Waiting for backup: Sheffield coach, players fighting for program despite limited community support
The Sheffield football program is facing an uncertain future.
While the coaches and players are doing what they can to keep the Wolverines on the field, they’re doing it without one of the biggest weapons in their arsenal.
The Sheffield community.
“I need my community to figure some things out and realize if we don’t save (the program), it’s going to be gone,” Sheffield coach Chris Korbar said.
Korbar knows first-hand how valuable community support can be. He’s gone from player to coach, and been involved with the program in some way almost every year since he was a high school freshman in 1995. That just happens to be the same year the co-op with Abraxas began under then-head coach and current athletic director Corey Copley.
“I’m the only coach who was also a player in the system, been a fan at times and coached with every head coach since the co-op program started,” Korbar said.
Those experiences give Korbar a unique perspective, and from his vantage point, the glue that had for so long held the program together, is starting to give.
“It’s fallen off,” he said. “We need to motivate everybody. We’re trying to figure out where barriers (to participation) lie across the board.”
Meanwhile, Wolverine football is living on borrowed time. Because participation numbers in offseason programs have been low thus far, Warren County School District officials are becoming increasingly concerned Sheffield will face a similar dilemma as Youngsville in 2016.
Field a team not physically or mentally ready for varsity competition, or forfeit games.
“They want to have solid numbers,” Korbar said. “I’ve been told they want ’16 capable athletes.'”
A meeting has been scheduled for July 12 between districts officials and Sheffield players/parents. If the Wolverines are unable to demonstrate at that meeting that they can meet the district’s criteria, the WCSD Board of Directors could take action, likely forming a Sheffield-Warren co-op, at its July 30 meeting.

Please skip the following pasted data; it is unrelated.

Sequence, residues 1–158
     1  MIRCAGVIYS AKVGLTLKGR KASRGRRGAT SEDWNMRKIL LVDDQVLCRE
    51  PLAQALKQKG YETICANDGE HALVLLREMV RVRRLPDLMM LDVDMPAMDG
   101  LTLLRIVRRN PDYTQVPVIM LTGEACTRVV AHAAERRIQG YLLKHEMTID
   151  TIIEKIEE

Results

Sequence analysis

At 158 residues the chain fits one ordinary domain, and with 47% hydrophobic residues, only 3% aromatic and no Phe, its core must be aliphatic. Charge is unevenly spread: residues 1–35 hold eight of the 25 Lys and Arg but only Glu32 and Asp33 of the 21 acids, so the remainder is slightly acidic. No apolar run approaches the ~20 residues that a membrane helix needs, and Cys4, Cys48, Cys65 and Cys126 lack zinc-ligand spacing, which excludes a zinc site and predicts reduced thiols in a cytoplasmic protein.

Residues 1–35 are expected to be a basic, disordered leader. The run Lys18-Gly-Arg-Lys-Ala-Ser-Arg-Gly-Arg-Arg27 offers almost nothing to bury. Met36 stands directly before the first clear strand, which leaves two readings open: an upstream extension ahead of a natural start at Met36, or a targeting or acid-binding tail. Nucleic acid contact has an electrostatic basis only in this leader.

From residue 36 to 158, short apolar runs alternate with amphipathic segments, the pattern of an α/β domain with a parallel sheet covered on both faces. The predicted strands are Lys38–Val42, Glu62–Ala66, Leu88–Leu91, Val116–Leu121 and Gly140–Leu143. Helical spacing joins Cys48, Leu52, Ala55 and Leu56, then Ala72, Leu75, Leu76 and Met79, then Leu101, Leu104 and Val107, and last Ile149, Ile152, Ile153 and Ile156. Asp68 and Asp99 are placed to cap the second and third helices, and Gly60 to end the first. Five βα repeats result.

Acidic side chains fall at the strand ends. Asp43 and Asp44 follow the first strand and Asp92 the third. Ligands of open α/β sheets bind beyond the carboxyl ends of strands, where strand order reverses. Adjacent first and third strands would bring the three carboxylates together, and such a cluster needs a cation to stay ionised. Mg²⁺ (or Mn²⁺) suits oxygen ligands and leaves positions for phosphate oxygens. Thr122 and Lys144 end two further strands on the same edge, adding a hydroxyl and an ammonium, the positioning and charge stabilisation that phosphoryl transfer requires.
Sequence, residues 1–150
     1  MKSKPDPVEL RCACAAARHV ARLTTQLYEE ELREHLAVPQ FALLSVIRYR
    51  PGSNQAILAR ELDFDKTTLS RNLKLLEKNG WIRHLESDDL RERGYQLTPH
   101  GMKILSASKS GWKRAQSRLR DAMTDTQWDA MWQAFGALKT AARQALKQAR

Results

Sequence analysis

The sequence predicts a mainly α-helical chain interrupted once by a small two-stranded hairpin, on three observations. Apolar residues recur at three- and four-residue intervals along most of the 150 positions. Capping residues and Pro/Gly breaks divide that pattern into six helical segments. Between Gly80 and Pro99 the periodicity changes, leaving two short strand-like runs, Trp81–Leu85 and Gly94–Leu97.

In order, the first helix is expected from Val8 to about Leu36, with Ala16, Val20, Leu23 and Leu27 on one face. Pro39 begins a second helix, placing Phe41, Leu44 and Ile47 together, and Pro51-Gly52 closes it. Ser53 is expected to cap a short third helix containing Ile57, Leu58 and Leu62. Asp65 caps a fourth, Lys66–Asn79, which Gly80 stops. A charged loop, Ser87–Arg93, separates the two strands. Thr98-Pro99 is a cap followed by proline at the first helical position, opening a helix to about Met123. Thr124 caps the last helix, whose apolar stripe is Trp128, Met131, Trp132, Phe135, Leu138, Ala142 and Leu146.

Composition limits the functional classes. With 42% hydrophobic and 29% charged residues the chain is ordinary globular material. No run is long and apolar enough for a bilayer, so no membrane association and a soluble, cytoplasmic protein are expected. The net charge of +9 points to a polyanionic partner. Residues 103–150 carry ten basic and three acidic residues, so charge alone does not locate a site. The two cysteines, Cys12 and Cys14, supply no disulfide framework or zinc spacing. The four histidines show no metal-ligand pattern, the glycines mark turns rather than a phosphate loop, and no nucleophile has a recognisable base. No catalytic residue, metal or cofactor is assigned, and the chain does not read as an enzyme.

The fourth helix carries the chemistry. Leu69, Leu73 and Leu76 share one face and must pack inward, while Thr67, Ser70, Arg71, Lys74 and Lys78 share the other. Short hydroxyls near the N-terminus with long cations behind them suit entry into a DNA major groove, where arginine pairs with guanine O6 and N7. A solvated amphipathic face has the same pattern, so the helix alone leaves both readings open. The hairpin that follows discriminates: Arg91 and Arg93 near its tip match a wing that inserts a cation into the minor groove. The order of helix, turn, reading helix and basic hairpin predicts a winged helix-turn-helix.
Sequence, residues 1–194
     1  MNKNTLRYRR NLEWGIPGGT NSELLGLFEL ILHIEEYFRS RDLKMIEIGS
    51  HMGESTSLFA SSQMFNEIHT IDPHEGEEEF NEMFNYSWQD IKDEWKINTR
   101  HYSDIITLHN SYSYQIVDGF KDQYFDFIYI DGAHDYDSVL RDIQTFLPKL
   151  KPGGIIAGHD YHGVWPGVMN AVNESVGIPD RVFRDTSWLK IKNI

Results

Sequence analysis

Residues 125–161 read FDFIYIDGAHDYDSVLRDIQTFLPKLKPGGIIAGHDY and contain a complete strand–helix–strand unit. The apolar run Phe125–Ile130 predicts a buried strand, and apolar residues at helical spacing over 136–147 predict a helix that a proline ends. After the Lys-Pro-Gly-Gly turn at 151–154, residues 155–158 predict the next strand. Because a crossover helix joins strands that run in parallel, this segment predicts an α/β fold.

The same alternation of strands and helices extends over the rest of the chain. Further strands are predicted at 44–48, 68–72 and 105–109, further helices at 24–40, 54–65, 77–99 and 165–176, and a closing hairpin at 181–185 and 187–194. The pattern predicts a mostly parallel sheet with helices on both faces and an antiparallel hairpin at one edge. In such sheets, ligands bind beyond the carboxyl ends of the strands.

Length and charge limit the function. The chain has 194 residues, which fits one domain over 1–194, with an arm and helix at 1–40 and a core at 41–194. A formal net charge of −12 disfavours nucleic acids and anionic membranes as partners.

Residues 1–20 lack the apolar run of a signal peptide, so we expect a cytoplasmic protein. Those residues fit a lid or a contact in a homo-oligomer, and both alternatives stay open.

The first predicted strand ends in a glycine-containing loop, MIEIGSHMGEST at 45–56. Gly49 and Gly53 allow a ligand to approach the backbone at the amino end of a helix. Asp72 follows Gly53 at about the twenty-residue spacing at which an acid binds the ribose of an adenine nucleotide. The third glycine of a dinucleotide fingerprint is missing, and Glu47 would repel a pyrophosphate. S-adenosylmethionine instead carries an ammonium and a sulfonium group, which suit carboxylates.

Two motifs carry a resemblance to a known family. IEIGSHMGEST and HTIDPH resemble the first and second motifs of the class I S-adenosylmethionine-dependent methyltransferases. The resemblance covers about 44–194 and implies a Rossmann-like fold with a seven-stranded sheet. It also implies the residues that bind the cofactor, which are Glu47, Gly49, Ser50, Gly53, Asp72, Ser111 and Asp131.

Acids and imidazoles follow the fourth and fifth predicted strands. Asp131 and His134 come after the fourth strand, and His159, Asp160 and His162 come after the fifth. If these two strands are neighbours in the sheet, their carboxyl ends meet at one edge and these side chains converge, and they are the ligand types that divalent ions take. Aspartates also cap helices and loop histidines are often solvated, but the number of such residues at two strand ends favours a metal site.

“My concern right now is what can I do with the kids,” Korbar said. “If we have to go to Warren, I need to prepare the kids for that. The kids want to have their own program here. All the kids said they want to stay here.”
In the past, community members would have gone out and encouraged kids who were on the fence (Korbar said there are 8-10 right now who are unsure if they want to play) to strap up and give it a shot. To date, that hasn’t happened to the degree that it would make an impact.
“I need my community to figure some things out and step up to the plate,” Korbar said. “It’s not that people aren’t out there, they just don’t want to right now.”
In addition to not encouraging participation, Sheffield has been unable to fill a pair of junior high coaching vacancies, despite the jobs being posted multiple times. Those vacancies are also hurting numbers for the Wolverines’ lone feeder program.
“Not having any coaches right now, the kids don’t know who the coaches are,” Korbar said. “Are kids going to want to play for someone they don’t know?”
Korbar has received no indication that anyone has even put in for the job(s), despite several people telling him they’d like to volunteer.
Still, Korbar is pressing on with the task of rebuilding a Sheffield team that went 0-10 last year and is 3-27 over the last three seasons.
“We’re working on it,” he said. “We’ve got the Bolt weight program (going). It’s about building athletes. We’ve got the weight room open mornings and evenings. It’s all about building the program.”
The community has always been the foundation that program was built on. Now it seems like the foundation is crumbling.
“Right now, there has been a lot of sideline talk,” Korbar said. “Parents had some bad taste in their mouth with the way things ended last year. They were vocal about it.
“That needs to end,” he added. “There needs to be a support system.”